Goodbye Jekyll, Hello Hugo

I do like Jekyll. It has helped me get back into blogging and I chose it as the technology to build Google Web Fundamentals with it.

Something is seriously wrong though: Performance.

Build times for my personal blog (about 400 pages) take roughly 45 seconds. Web Fundamentals is even worse, frequently taking many many minutes to build just one language pack and we support 13 languages. This performance problem seriously affects our team and our writing team because single changes in a local staging environment take upwards of 40 seconds to be visible in the browser.

Maybe we can improve it, but I sure as heck can't work out how to do it. I can't instrument it and we constantly hit issues with Ruby (we are not Ruby devs) specifcally around versioning of Gems and runtime updates.

We have a lot of technical debt with the site and it is taking me and the team a lot time just to keep things running for a static site. I have a hunch it is the templating engine and Ruby. But this is just me guessing.

I was looking around for fast static site generators and a couple of people on the wider team have hinted that Hugo (written in Go) is good, well structured and also fast.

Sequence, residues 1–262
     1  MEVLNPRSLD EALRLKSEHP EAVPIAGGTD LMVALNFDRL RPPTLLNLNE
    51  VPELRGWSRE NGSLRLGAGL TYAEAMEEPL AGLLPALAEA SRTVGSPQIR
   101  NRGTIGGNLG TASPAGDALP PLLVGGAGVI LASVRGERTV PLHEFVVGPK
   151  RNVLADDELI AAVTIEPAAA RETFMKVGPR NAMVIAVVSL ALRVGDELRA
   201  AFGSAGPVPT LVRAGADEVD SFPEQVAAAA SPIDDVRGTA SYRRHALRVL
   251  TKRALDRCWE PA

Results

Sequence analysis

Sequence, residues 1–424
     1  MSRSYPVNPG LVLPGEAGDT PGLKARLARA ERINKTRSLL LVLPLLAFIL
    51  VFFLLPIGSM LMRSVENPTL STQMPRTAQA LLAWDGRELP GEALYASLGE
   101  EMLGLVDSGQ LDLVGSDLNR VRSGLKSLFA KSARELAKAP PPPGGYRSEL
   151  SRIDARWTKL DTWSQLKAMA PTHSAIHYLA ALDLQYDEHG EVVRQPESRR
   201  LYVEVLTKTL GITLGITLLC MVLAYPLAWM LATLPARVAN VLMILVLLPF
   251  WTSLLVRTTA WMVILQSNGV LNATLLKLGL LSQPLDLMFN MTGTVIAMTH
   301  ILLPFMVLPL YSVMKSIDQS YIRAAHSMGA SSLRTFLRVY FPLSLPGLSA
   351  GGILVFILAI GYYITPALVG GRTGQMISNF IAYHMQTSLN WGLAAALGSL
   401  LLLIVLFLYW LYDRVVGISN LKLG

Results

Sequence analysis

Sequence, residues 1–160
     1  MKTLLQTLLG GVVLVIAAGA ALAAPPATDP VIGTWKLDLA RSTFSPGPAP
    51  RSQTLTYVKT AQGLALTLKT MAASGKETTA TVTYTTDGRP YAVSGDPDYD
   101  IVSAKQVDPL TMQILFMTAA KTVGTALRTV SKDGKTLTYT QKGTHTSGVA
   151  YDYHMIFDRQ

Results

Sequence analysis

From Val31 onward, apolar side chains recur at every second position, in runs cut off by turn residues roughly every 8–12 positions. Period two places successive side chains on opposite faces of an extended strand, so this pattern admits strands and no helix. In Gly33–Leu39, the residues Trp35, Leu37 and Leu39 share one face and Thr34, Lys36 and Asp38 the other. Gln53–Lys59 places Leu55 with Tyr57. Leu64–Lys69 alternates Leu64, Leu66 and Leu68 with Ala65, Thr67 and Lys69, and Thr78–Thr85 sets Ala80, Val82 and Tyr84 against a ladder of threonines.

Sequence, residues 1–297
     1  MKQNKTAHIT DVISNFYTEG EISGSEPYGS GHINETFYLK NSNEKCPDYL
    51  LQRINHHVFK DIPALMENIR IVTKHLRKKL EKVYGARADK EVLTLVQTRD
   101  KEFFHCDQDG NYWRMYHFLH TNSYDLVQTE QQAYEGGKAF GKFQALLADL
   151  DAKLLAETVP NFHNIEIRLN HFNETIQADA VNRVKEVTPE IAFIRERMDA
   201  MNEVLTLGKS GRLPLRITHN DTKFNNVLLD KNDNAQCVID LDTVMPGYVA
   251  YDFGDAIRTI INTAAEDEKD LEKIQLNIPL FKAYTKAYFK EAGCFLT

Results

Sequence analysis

I wont' go into Hugo to much. It is a static site generator that can ingest Markdown files (like Jekyll) and spit out a structured site based on the templates that you define.

I will go over some quick points:

  • My Jekyll build used to take 45 seconds+, the Hugo entire site build is 300-450ms. 2 orders of magnitude faster.
  • Templating via the Go templating language took a little getting used to but it is lot cleaner than Liquid.
  • Pagination was pretty easy to integrate although I had some trouble with the docs.
  • The docs are pretty strong, there are some samples where examples on a page you would expect to be related are not always sometimes causing confusion.
  • The Jekyll migration guide, for a simple Jekyll build got me most of the way.
  • Hugo didn't support the file naming syntax Jekyll has (YYYY-MM-DD-title) for ordering of posts and I had to write a migration script to add a date attribute to every markdown page and also a slug attribute.
  • I had bunch of HTML files that didn't seem to get included in the .Site.Pages array. Again I had to convert them all with a simple command-line script.

Still, Performance is blazing and my blog is a lot quicker and has no Ruby dependencies.

I can't say that we will move Web Fundamentals to Hugo, it's a big job. I am very happy with the local build and deployment set up that I have now for now.

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About Me: Paul Kinlan

I lead the Chrome Developer Relations team at Google.

We want people to have the best experience possible on the web without having to install a native app or produce content in a walled garden.

Our team tries to make it easier for developers to build on the web by supporting every Chrome release, creating great content to support developers on, contributing to MDN, helping to improve browser compatibility, and some of the best developer tools like Lighthouse, Workbox, Squoosh to name just a few.